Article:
Regulation 

FCA cracks down on senior manager vetting

FCA cracks down on senior manager vetting

There has been a 33 per cent increase in the number of senior managers in financial services firms who faced vetting interviews by the regulator in the last year.

Figures obtained by law firm Cleveland and Co found these ‘significant influence function’ (SIF) interviews hit a five-year high of 183 in 2017 - up from 138 in 2016, and 145 in 2013.

The FCA can interview people applying for senior positions at financial services businesses, such as chief executive and chief finance officer, in order to assess whether they have the necessary skills, experience, and integrity in order to perform their role.

Cleveland and Co argued the increase in the number of SIF interviews being carried out by the FCA pointed to a clampdown on individuals applying for senior positions at regulated firms.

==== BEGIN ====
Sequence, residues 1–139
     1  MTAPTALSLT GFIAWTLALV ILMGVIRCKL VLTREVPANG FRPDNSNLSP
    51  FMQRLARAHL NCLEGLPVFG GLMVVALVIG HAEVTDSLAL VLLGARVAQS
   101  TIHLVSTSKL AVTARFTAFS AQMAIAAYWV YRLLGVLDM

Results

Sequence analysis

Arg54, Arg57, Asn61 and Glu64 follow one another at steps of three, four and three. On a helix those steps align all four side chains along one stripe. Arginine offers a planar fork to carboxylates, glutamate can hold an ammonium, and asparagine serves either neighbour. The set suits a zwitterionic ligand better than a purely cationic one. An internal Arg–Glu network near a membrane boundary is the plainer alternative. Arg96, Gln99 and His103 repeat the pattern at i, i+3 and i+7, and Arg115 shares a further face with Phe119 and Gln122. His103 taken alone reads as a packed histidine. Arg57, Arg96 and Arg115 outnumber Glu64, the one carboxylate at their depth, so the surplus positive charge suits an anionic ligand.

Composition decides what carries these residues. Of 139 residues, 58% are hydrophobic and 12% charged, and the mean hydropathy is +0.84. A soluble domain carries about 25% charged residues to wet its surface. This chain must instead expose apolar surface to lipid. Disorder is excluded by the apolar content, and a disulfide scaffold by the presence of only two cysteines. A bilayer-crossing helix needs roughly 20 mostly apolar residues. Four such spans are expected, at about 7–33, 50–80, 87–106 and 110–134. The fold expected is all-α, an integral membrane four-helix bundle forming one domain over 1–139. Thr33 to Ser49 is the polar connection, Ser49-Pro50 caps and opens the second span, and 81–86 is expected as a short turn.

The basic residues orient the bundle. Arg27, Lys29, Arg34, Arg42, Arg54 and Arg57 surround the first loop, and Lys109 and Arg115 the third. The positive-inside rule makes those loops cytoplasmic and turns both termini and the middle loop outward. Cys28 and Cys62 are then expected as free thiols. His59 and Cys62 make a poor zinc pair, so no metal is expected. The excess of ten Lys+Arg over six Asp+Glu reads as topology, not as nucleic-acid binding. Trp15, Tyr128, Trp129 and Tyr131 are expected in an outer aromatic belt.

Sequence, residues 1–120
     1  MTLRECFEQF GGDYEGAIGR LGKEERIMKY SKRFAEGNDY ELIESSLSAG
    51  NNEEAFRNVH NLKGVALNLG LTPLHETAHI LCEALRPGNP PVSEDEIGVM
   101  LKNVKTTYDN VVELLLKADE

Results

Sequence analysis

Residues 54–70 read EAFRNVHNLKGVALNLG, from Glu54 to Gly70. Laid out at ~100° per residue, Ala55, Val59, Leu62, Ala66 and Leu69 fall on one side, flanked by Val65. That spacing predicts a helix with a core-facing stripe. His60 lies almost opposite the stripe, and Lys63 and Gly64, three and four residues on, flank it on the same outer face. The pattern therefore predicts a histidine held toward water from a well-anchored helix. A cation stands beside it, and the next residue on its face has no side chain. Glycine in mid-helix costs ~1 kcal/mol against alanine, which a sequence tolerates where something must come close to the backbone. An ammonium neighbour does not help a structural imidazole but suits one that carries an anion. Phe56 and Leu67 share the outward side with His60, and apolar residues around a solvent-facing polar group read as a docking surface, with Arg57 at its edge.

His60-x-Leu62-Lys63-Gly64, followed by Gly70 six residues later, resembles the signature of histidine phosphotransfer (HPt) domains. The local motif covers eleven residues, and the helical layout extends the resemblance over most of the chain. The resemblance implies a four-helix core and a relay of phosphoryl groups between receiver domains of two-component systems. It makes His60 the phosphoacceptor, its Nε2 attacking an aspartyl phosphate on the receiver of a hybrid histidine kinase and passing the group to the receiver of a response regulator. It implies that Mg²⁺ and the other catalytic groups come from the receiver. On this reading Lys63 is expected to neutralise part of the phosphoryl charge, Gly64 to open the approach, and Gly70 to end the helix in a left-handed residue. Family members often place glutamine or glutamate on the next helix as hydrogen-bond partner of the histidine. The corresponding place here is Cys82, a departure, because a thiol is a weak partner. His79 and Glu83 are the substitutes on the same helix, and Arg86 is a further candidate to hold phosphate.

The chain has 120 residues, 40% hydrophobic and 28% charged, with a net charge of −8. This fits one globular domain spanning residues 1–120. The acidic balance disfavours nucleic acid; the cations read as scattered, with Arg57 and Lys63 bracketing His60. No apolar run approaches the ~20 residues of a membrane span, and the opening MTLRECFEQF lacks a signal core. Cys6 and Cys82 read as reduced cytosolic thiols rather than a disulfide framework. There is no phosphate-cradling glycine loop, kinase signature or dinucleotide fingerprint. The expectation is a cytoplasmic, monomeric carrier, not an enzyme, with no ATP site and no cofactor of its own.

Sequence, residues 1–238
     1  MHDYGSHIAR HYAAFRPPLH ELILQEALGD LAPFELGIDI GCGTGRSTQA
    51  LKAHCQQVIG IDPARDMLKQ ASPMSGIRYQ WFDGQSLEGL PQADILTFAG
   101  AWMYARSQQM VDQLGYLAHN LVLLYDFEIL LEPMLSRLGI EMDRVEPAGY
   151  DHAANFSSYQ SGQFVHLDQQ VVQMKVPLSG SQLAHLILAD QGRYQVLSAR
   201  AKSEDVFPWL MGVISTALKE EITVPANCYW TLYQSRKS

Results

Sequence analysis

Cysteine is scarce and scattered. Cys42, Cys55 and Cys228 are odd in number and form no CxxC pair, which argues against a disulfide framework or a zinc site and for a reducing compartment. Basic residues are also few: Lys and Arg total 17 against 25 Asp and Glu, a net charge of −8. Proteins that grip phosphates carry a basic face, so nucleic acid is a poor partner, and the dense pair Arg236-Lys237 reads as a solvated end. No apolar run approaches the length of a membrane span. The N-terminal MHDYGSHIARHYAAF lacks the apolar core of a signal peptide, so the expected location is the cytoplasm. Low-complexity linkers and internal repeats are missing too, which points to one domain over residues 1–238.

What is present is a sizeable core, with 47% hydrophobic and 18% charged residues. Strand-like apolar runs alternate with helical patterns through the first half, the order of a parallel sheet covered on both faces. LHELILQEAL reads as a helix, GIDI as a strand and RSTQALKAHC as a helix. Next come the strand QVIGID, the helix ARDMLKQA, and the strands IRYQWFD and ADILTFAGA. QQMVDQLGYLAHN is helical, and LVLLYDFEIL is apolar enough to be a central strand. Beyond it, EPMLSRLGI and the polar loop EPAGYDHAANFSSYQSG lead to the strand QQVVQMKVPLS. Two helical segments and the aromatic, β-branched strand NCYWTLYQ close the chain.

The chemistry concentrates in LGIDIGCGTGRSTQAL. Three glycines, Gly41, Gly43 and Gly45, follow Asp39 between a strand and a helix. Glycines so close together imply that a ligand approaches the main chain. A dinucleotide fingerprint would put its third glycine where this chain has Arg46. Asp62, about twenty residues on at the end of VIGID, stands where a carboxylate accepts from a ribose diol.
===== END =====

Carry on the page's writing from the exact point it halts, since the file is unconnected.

Emma Cleveland, managing director of the London-based law firm, said: “The jump in the number of interviews taking place shows that the FCA is setting the bar higher for senior managers if they want to lead financial services firms.

“It is a ratcheting up of the FCA’s management of risk in the sector.” 

She added an increasing number of interviews could cause a delay for new financial services firms aiming to be authorised, which could negatively affect the competitiveness of the UK’s financial services industry.

Ms Cleveland said: “We hope that the higher numbers of interviews being carried out does not add too much delay to the already lengthy process for new businesses to achieve authorisation by the FCA.”

Julie Lord, chief executive and chartered financial planner at Bridgend-Based Magenta Financial Planning, said for her the crackdown is a "very good move".

"There are plenty of people holding senior positions in large financial companies who have been in the “industry” for a long time and are still focused on the sale of financial products and a target-based culture. 

"The sooner the FCA weeds out these dinosaurs, the sooner we can be proud of a financial services profession that the public can trust.”

 

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